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The formulas developed in the preceding article may be used for any case of plane stress. A visual interpretation of them, devised by the German engineer Otto Mohr in 1882, eliminates the necessity for remembering them.* In this interpretation a circle is used; accordingly, the construction is called Mohr's, circle. If this construction is plotted to scale, the results can be obtained graphically; usually, however, only a rough sketch is drawn, analytical results being obtained from it by following the rules given later.
We can easily show that Eqs. (1) and (2) define a circle by first rewriting them as follows:
Rewriting the equation (1)
Taking squares of equations (2) & (3)
Recall that σx, σy, and τxy are known constants defining the specified state of stress, whereas σn and τare variables. Consequently, (σx + σy)/2 is a constant, say, h, and the right-hand member of Eq. (6) is another constant, say, r. Using these substitutions, we transform Eq. (6) into
From the origin.
Figure 9-14 represents Mohr's circle for the state of plane stress that was analyzed in the preceding article. The center C is the average of the normal stresses, and the radius
is the hypotenuse of the right triangle CDA. How do the coordinates of points E, F, and G compare with the expressions derived for σ1,σ2 ,τmax?We shall see that Mohr's circle is a graphic visualization of the stress variation given by Eqs. (1) and (2). The following rules summarize the construction of Mohr's circle.
Figure 9-14 Mohr's circle for general state of plane stress.
Rules for Applying Mohr's Circle to Combined Stresses coordinates of points E, F, and G compare with the expressions derived for
1. On rectangular σ-τ axes, plot points having the coordinates (σx, τxy) and (σy, τyx). These points represent the normal and shearing stresses acting on the x and y faces of an element for which the stresses are known. In plotting these points, assume tension as plus, compression as minus, and shearing stress as plus when its moment about the center of the element is clockwise.*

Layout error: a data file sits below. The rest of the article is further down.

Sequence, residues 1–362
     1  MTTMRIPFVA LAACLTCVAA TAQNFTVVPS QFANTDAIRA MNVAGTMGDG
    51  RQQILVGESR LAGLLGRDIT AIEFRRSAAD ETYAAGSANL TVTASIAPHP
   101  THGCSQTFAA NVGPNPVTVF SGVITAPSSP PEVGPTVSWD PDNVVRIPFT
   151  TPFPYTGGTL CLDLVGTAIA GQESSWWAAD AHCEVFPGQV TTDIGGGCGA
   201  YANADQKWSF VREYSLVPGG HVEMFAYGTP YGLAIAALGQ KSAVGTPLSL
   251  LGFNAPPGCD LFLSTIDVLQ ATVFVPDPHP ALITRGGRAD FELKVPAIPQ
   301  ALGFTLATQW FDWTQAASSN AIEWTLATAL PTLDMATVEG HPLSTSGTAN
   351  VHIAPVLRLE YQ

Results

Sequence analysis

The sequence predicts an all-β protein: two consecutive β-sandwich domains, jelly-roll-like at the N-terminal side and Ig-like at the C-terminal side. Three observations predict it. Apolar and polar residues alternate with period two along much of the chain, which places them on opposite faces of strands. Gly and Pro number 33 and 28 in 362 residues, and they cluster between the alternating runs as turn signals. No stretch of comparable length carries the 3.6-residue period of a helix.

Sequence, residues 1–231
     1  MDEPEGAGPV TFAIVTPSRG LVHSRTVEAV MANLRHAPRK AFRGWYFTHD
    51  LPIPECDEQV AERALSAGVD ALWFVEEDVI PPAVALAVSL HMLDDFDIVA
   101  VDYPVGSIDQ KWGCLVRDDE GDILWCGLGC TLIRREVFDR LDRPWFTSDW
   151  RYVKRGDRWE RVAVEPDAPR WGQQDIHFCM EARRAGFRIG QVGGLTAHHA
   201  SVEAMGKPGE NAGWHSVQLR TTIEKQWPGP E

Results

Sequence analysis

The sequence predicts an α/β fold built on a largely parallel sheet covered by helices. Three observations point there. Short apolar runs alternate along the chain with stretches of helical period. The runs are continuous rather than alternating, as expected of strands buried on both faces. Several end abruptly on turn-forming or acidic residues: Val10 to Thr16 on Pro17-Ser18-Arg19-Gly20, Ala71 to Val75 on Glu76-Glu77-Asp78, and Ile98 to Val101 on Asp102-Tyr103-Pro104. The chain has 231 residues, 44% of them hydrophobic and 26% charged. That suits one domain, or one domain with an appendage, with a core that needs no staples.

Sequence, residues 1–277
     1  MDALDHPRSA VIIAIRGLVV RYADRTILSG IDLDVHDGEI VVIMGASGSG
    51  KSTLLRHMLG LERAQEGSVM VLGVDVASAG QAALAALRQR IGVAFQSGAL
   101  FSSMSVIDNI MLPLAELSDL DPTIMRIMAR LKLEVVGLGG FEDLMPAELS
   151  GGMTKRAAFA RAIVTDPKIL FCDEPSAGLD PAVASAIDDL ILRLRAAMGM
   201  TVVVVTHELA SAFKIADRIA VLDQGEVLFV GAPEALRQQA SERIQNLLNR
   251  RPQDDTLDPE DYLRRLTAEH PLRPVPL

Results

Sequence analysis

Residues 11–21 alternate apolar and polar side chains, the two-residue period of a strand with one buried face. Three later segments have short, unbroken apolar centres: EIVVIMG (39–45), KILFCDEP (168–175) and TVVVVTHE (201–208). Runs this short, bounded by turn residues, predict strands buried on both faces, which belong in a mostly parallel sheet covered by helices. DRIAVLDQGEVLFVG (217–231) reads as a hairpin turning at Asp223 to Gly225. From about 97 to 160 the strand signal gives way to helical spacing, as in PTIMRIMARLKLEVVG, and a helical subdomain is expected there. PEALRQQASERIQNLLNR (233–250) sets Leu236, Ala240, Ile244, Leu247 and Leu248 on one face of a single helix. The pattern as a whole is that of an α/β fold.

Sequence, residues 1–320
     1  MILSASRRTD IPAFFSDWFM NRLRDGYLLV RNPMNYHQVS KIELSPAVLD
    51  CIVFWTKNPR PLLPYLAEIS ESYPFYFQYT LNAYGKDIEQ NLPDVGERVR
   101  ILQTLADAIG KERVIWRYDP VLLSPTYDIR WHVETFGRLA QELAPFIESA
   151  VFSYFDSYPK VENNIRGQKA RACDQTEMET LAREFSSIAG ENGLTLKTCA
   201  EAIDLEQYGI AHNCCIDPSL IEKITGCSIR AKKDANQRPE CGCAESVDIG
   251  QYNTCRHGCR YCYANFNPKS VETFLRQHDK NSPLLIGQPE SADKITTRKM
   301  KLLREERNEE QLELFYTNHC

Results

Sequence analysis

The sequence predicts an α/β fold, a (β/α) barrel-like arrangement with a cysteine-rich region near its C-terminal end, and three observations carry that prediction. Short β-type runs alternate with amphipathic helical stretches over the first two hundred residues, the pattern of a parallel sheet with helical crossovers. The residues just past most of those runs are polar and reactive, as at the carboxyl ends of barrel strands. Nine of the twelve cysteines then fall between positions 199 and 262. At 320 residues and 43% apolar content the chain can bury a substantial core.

2. Join the points just plotted by a straight line. This line is the diameter of a circle whose center is on the a axis.
3. As different planes are passed through the selected point in a stressed body, the normal and shearing stress components on these planes are represented by the coordinates of points whose position shifts around the circumference of Mohr's circle.
4. The radius of the circle to any point on its circumference represents the axis directed normal to the plane whose stress components are given by the coordinates of that point.
5. The angle between the radii to selected points on Mohr's circle is twice the angle between the normal to the actual planes represented by these points, or to twice the space angularity between the planes so represented. The rotational sense of this angle corresponds to the rotational sense of the actual angle between the normal to the planes; that is, if the n axis is actually at a counterclockwise angle θ from the x axis, then on Mohr's circle the n radius is laid off at a counterclockwise angle 2θ from the x radius.
x circumference represents the axis directed normal to the plane whose stress components are given by the coordinates of that point.
v, v1 plane
H, H1 plane
Example Problem 1 circumference represents the axis directed normal to the plane whose stress components are given by the coordinates of that point.
It has been determined that a point in a load-carrying member is subjected to the following stress condition:
σx=400MPa σy=-300MPa τxy=200MPa(CW)
Perform the following
Solution circumference represents the axis directed normal to the plane whose stress components are given by the coordinates of that point.
The 15-step Procedure for drawing Mohr's circle is used here to complete the problem.
The numerical results from steps 1-12 are summarized here and shown in Figure 11-12.
Step 1. The initial stress element is shown at the upper left of Figure 11-12.
Step 2. Point 1 is plotted at ax = 400 MPa and τxy = 200 MPa in quadrant 1.
Step 3. Point 2 is plotted at ay = -300 MPa and τyx = -200 MPa in quadrant 3.
Step 4. The line from point 1 to point 2 has been drawn.
Step 5. The line from step 4 crosses the σ-axis at the average applied normal stress, called O in Fig 11-12, is computed from any,
Step 6. Point 0 is the center of the circle. The line from point O through point 1 is labeled as the x-axis to correspond with the x-axis on the initial stress element.
Step 7. The values of G, b, and R are found using the triangle formed by the lines from point 0 to point 1 to σx = 400 MPa and back to point O.
The lower side of the triangle,
FIG 11-12 Complete Mohr’s circle point O through point 1 is labeled as the x-axis to correspond with the x-axis on the initial stress element.
The vertical side of the triangle, point O through point 1 is labeled as the x-axis to correspond with the x-axis on the initial stress element. b, is completed from
The radius of the circle, R, is completed from:
Note that 2 point O through point 1 is labeled as the x-axis to correspond with the x-axis on the initial stress element. Φ is CW from the x-axis to σ1 on the circle.
FIG 11-13 Results for Example Problem 11-2 point O through point 1 is labeled as the x-axis to correspond with the x-axis on the initial stress element.